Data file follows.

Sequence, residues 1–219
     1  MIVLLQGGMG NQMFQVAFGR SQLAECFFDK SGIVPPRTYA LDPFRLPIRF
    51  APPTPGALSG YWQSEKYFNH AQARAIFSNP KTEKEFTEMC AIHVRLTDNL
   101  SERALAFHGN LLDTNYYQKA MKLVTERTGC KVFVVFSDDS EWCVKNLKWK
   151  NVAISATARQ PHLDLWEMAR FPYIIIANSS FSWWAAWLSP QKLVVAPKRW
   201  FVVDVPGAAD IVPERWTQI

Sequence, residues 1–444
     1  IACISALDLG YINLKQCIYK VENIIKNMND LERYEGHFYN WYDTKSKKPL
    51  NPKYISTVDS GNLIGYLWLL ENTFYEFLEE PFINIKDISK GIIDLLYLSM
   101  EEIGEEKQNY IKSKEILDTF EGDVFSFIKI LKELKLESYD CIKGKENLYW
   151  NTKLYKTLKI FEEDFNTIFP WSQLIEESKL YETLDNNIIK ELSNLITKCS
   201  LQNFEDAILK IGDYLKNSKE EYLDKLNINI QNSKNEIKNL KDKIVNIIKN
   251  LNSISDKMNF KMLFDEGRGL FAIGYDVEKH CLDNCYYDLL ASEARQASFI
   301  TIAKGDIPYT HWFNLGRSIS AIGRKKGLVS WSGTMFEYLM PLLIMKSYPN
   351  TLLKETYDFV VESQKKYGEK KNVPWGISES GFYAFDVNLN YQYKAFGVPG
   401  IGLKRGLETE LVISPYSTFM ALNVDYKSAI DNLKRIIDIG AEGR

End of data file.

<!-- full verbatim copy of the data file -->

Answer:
Sequence, residues 1–219
     1  MIVLLQGGMG NQMFQVAFGR SQLAECFFDK SGIVPPRTYA LDPFRLPIRF
    51  APPTPGALSG YWQSEKYFNH AQARAIFSNP KTEKEFTEMC AIHVRLTDNL
   101  SERALAFHGN LLDTNYYQKA MKLVTERTGC KVFVVFSDDS EWCVKNLKWK
   151  NVAISATARQ PHLDLWEMAR FPYIIIANSS FSWWAAWLSP QKLVVAPKRW
   201  FVVDVPGAAD IVPERWTQI

Sequence, residues 1–444
     1  IACISALDLG YINLKQCIYK VENIIKNMND LERYEGHFYN WYDTKSKKPL
    51  NPKYISTVDS GNLIGYLWLL ENTFYEFLEE PFINIKDISK GIIDLLYLSM
   101  EEIGEEKQNY IKSKEILDTF EGDVFSFIKI LKELKLESYD CIKGKENLYW
   151  NTKLYKTLKI FEEDFNTIFP WSQLIEESKL YETLDNNIIK ELSNLITKCS
   201  LQNFEDAILK IGDYLKNSKE EYLDKLNINI QNSKNEIKNL KDKIVNIIKN
   251  LNSISDKMNF KMLFDEGRGL FAIGYDVEKH CLDNCYYDLL ASEARQASFI
   301  TIAKGDIPYT HWFNLGRSIS AIGRKKGLVS WSGTMFEYLM PLLIMKSYPN
   351  TLLKETYDFV VESQKKYGEK KNVPWGISES GFYAFDVNLN YQYKAFGVPG
   401  IGLKRGLETE LVISPYSTFM ALNVDYKSAI DNLKRIIDIG AEGR